In order to start generating wind energy at a larger scale, the Department of Energy is aiming their sights high. They’ve recently contracted Sandia National Laboratories to design a 50-megawatt offshore wind turbine capable of functioning in hurricane-speed winds.
Each blade would extend 650 feet, which is more than two and half times the length of any wind blade currently in existence. In order to keep a structure of that scale stable in extreme weather situations, Sandia plans to employ some clever design tricks borrowed from nature. The "exascale" turbine will be supported by a lightweight, segmented pole that yields to high winds to keep it from snapping in two. The blades themselves will be segmented as well so they can collapse safely when battered by hurricane-force gusts. The design was inspired by palm trees, which are able to survive severe storms by bending their trunks and folding their branches to align with the wind. On a calm day, the entirety of the turbine’s 1300-foot blade span would be extended to generate the maximum amount of wind energy.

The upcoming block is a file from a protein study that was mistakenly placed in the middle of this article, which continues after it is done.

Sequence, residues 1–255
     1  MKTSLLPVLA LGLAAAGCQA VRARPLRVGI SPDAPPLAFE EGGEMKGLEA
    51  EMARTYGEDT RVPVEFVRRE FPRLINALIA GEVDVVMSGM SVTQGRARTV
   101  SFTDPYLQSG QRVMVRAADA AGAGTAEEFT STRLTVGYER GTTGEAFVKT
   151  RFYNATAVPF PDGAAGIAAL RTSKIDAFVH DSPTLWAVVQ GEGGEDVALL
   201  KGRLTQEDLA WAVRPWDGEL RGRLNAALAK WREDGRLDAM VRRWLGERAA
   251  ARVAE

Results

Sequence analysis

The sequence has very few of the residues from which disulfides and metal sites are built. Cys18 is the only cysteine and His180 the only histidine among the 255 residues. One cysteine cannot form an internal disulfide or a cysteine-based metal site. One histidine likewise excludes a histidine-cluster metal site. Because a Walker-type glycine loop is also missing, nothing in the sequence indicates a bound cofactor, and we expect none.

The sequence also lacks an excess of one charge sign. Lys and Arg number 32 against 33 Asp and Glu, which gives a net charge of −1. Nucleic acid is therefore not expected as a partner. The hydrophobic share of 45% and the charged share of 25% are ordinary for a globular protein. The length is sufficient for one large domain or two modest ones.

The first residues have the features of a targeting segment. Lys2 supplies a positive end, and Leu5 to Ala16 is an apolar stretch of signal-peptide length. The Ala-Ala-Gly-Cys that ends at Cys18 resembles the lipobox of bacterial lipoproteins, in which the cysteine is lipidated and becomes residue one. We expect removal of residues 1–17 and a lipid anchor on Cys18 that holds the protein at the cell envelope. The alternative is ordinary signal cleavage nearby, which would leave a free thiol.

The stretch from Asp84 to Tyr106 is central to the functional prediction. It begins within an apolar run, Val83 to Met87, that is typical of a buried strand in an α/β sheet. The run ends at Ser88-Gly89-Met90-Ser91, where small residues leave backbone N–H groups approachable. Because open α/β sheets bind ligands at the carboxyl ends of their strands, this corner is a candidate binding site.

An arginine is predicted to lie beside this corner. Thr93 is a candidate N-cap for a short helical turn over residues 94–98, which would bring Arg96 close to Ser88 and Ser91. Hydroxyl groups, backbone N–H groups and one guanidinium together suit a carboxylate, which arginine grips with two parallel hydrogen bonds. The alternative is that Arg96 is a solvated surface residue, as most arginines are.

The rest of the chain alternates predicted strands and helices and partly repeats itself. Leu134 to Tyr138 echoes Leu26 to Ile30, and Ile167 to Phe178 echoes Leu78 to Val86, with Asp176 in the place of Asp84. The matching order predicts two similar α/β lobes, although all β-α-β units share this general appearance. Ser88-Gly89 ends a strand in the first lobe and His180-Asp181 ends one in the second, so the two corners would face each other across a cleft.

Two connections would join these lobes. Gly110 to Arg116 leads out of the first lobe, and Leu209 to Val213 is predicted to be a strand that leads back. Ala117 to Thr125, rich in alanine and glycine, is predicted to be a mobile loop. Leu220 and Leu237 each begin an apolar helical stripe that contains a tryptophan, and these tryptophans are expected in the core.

The massive wind turbine is just a concept for now, but large-scale designs like this one could eventually help the DOE meet their goal of bringing the nation’s energy usage up to 20 percent wind power by 2030.